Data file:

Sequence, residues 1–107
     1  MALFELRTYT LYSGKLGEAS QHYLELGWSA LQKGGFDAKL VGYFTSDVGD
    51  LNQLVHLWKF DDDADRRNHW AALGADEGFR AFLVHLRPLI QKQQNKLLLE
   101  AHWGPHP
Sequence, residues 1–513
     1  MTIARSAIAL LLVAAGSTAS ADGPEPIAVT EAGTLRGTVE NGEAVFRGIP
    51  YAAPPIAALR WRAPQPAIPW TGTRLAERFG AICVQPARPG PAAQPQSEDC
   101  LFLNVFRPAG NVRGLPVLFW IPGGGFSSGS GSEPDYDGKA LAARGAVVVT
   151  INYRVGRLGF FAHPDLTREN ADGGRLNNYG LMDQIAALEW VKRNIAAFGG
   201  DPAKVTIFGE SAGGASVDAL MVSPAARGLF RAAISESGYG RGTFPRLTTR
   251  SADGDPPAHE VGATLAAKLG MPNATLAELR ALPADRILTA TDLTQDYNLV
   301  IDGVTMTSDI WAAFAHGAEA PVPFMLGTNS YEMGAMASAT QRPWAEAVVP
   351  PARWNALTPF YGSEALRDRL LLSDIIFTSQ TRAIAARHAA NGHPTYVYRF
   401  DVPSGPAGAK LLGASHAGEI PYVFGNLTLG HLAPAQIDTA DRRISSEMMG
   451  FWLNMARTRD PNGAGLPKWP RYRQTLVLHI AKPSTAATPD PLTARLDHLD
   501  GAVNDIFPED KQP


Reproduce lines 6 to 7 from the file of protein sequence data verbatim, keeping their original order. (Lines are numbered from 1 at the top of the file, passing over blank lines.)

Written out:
     1  MTIARSAIAL LLVAAGSTAS ADGPEPIAVT EAGTLRGTVE NGEAVFRGIP
    51  YAAPPIAALR WRAPQPAIPW TGTRLAERFG AICVQPARPG PAAQPQSEDC